the primase–polymerase PrimPol is another factor responsible for facilitating replication through G4 structures

Credit: Vicky Summersby/NPG

DNA G-quadruplexes (G4) are structures formed at guanine-rich sequences, with the capacity to impede DNA replication. Factors such as the helicase Fanconi anaemia group J (FANCJ) and the polymerase REV1 facilitate their replication, thus maintaining genomic stability. Schiavone et al. now report that the primase–polymerase PrimPol is another factor responsible for facilitating replication through G4 structures.

As PrimPol is required for replicative bypassing of ultraviolet-induced, DNA-distorting lesions, the authors examined its capacity to bypass G4 structures in chicken DT40 cells. The BU-1A locus contains a G4, which was previously shown to stall replication in cells lacking FANCJ or REV1. The stalling led to local uncoupling of DNA synthesis from histone recycling and erasure of epigenetic marks, thereby resulting in stochastic loss of Bu-1a protein expression. When investigating Bu-1a expression in PrimPol-knockout cells, the authors found three populations with discrete expression levels: Bu-1ahigh (wild-type levels), Bu-1amedium and Bu-1alow (essentially nil). Bu-1amedium and Bu-1alow cells arise spontaneously, sequentially and irreversibly from Bu-1ahigh cells, through stochastic loss of active epigenetic marks followed by heterochromatinization. Importantly, deletion and reintroduction of the G4 on both alleles confirmed that it was essential and sufficient for Bu-1a expression instability, and that only G4 structures present in the template of the leading strand cause gene silencing.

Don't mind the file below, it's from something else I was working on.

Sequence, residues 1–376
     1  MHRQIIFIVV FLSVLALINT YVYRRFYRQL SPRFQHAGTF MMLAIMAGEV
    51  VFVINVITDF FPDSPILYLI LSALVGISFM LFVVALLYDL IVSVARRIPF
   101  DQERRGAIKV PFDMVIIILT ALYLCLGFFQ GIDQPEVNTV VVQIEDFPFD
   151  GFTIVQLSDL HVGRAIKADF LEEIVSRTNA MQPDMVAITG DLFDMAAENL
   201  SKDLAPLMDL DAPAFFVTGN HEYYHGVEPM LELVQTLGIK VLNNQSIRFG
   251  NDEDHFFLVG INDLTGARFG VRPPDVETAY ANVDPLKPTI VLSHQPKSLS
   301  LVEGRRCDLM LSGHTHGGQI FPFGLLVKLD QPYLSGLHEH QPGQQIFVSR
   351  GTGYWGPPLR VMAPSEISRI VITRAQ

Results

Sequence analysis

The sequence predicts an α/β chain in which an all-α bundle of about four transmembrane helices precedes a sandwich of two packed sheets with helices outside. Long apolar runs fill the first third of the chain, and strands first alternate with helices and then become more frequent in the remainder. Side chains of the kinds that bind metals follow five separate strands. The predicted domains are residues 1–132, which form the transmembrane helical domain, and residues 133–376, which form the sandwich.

Additional experiments in vitro established that PrimPol is unable to replicate through G4 structures, so the authors examined its capacity to reprime (restart) replication distal to the structures. They found that PrimPol synthesized ~6-nt-long primers almost immediately downstream of the G4. In vivo, both the PrimPol catalytic domain and its carboxy-terminal domains, which bind to single-stranded DNA (ssDNA), as well as the ssDNA-binding protein RPA (replication protein A), were needed for efficient G4 replication.

Thus, blocking leading-strand replication by a G4 results in ssDNA formation downstream of the structure. The authors propose that PrimPol is recruited to these sites of replication stalling by binding to the G4, RPA and the ssDNA itself, to reprime DNA synthesis close to the structure. This 'close-coupled' repriming limits the size of the ssDNA gap generated. How the G4 left within this gap is subsequently replicated remains to be elucidated.

This article originally appeared in Nat. Rev. Mol. Cell Biol. (